Summary: (Legend of 1900) Alternate ending – what should have happened at the shop in the last scene.
A/N: I loved watching 1900, but this just begged to be written. It starts from the moment when Max is in the shop at the very end, hears the piano music, and looks over.
Disclaimer: I do not own The Legend of 1900 in any way, shape, or form, nor am I making any money off of this story. Several of the lines in this are borrowed, in whole or in part, from the movie.
The Legend of 1900: An Ending, and a Beginning
As the piano notes drifted through the shop, Max turned, and glanced over at the player. Then he stopped dead, mouth hanging open, as he stared at his dead friend.
1900 took no notice of Max's utter shock, and just kept playing, and playing. Through long practice, Max started identifying 1900's inspiration. There, that high arpeggio could only be the violin hanging on the wall, while that strong flourish had to be a trumpet. Eventually, 1900 slowed, then stopped, letting his hands rest lightly on the keys, as he turned to look Max full in the face.
"Cat got your tongue?"
Max finally pulled his scattered wits together enough to make his voice work. "But, but, how? I mean, you stayed on the Virginian, didn't you? She exploded!"
"You reminded me, Max, on the ship, that 'You're never really done for, as long as you've got a good story and someone to tell it to.' If you can survive with a million roads, maybe I can too." 1900 sighed, and looked down at his hands, still resting on the keys of the piano. "At least the pianos still have 88 keys."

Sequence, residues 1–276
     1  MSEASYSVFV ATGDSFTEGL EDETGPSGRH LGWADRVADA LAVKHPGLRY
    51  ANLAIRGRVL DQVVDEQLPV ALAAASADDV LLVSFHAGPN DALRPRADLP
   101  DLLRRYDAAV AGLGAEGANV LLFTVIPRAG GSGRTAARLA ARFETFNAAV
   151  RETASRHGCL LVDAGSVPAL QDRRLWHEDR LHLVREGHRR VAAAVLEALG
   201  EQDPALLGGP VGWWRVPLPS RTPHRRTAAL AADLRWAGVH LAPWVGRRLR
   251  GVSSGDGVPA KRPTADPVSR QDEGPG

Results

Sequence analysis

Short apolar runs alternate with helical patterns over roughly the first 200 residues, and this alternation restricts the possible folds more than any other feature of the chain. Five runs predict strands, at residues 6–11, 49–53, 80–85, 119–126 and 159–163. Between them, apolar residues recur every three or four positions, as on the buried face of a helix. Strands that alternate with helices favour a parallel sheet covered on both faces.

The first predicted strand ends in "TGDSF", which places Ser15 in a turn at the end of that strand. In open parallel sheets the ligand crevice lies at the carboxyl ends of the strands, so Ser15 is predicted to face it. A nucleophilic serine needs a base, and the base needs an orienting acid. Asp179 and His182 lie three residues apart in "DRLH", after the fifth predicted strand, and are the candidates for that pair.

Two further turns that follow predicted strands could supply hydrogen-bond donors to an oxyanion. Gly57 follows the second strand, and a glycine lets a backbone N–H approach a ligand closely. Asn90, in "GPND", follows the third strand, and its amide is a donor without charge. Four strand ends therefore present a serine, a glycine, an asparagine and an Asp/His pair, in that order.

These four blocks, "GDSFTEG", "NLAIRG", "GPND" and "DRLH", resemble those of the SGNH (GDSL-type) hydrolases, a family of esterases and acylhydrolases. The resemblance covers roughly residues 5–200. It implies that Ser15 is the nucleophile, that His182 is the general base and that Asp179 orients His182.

The shopkeeper stared at the young man, still sitting, somewhat despondently, at the piano. After all of Max's stories, he almost felt as if he knew the kid. "You do know," he spoke up, "that the Virginian wasn't the only cruise ship in the world. There are others out there, and while they won't be home, they are just as finite."
1900 stared up at him in absolute shock, Max following suit. Slowly, the trumpeter started thumping his head against the wall. "Why didn't I think of that?" he asked, a bit plaintively. Finally lifting his head, he started towards the door. "Well come on then, 1900! Let's go see which of those ships needs some good musicians. We can be the great duo: Danny Boodmann T.D. Lemon Nineteen Hundred and Max!"
"Don't you think you're forgetting something?" 1900 asked, with a smile on his face for the first time in far too long. At Max's blank look he added, "Your trumpet?"
"Here," said the shopkeeper, handing it over as Max flushed, "that story was worth far more to me than an old trumpet. Just please, if you ever do leave the ocean again, 1900, Max, come back here and tell me the next part of the tale."
And shoulder to shoulder, 1900 still rolling slightly with the rise and fall of nonexistent waves, the two friends walked down the street toward the docks.